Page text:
I have no idea what this novel is like. Really. I set out with a rough plan, a few character outlines and the main arc of a story. Every day that I could, I sat down and wrote 500 words or more. Some days I couldn’t. Some days I didn’t. Bit by bit, however, without my paying too much attention, the novel got written.

Having barely glanced back over what I’ve written, I know very little about it. I am aware of some obvious differences to my previous novel. This one has a much smaller cast of characters. There is less inter-play between characters, less dramatic cause and effect. The plot is simpler. The conflict more internal.

I have included more telling in this novel. My previous novel was show, show, show, perhaps because it was conceived during my MA in Creative Writing where we all know ‘show don’t tell’ is the overriding mantra. When I re-drafted that novel recently, I added more telling, more interiority. Sometimes the reader needs to be told, not shown, how a character thinks or feels.

Whilst on the subject of my previous novel, I’ve finally reached a point where I am, dare I say it, pretty damn satisfied with it. I’ve taken a long time to reach that point, with much processing of feedback, gaining of distance and re-evaluations.

I attended an author’s event recently at which Maggie O’Farrell gave a reading from her latest novel, followed by an interview and Q&A. When asked how many times she drafted her novels, she asked the audience to guess. ‘Twice? Three times?’ members of the audience offered. Nope. She estimated it was at least forty. Forty drafts! Music to my ears.

I don’t consider this to be the sign of a weak writer. I consider it the sign of a meticulous self-editor and someone who takes their writing very seriously: a professional.

I know from experience that, when I say I have completed a first draft, it means very little. It means I have some words to play with. A story to shape. Characters to make credible. But before I get onto any of that, I need to write the final scene. It’s a big, high drama scene. Quite a challenge, in fact. Which, no doubt, is why I’m writing this blog instead. I’m going to quickly change tabs on my computer now and see if I can surreptitiously write the finale without noticing that I’m writing it. A few thousand words with my eyes half shut. And then, once it’s done, I’ll be ready to give the book my undivided attention.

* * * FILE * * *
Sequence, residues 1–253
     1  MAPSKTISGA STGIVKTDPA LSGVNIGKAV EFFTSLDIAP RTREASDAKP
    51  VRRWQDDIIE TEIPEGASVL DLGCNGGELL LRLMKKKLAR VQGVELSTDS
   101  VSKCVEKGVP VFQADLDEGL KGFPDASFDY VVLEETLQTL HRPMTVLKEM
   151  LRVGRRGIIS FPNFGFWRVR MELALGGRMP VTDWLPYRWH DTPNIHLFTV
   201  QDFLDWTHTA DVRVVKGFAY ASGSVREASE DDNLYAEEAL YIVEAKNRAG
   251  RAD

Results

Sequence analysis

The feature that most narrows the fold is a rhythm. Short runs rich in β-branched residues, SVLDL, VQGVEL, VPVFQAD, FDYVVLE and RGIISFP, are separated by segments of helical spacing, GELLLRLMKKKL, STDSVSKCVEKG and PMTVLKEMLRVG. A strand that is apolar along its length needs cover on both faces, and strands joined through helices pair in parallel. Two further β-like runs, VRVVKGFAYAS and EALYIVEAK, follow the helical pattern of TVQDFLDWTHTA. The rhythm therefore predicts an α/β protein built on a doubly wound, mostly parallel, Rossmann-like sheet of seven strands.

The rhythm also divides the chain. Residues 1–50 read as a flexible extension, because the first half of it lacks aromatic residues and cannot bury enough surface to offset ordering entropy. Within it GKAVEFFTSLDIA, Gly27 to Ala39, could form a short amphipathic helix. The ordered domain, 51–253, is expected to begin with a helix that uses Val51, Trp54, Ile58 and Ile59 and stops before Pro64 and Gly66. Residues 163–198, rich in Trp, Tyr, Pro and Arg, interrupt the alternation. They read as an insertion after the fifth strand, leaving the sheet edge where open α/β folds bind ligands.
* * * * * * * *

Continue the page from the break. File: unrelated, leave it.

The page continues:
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Competitive Writing

Next weekend I shall be competing in the European Masters Swimming Championships. Sounds impressive, doesn’t it? But it’s really not. I’m just a plodder, not one of the serious swimmers. My goals are to post a decent time (for me), not to come last in my age group and, most of all, not to attract the dreaded sympathy applause.

One of the things I’ll enjoy most is the camaraderie and support of my team mates and my fellow competitors. We’re all in this together. It’s a bit like being amongst my writing friends. We support one another, we moan collectively about our failures, and we rejoice at our conquests.

Writers are amongst the most supportive group of people I know. I might have given up writing if it hadn’t been for the encouragement and understanding I’ve received from my fellow writers. But, what about the competition between us?

When a writing friend achieves success, I am happy for them. Of course I am. But, because their success highlights my obscurity, it can serve to fan the flames of self-doubt. Similarly, when I see someone fail or falter, whilst genuinely disappointed for them, I take some comfort in knowing others face the same struggles I do.